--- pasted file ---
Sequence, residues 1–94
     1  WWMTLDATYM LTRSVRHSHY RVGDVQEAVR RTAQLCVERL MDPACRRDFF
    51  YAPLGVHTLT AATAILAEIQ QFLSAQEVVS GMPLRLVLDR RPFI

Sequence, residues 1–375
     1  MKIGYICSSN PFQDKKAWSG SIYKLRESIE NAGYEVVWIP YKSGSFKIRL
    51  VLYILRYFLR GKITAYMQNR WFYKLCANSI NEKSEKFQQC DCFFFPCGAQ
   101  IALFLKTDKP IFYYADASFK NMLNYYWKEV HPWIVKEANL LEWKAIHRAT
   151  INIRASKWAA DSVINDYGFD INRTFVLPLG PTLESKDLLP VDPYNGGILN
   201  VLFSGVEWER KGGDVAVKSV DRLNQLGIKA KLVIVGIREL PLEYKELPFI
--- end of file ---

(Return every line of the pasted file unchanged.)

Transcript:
Sequence, residues 1–94
     1  WWMTLDATYM LTRSVRHSHY RVGDVQEAVR RTAQLCVERL MDPACRRDFF
    51  YAPLGVHTLT AATAILAEIQ QFLSAQEVVS GMPLRLVLDR RPFI

Sequence, residues 1–375
     1  MKIGYICSSN PFQDKKAWSG SIYKLRESIE NAGYEVVWIP YKSGSFKIRL
    51  VLYILRYFLR GKITAYMQNR WFYKLCANSI NEKSEKFQQC DCFFFPCGAQ
   101  IALFLKTDKP IFYYADASFK NMLNYYWKEV HPWIVKEANL LEWKAIHRAT
   151  INIRASKWAA DSVINDYGFD INRTFVLPLG PTLESKDLLP VDPYNGGILN
   201  VLFSGVEWER KGGDVAVKSV DRLNQLGIKA KLVIVGIREL PLEYKELPFI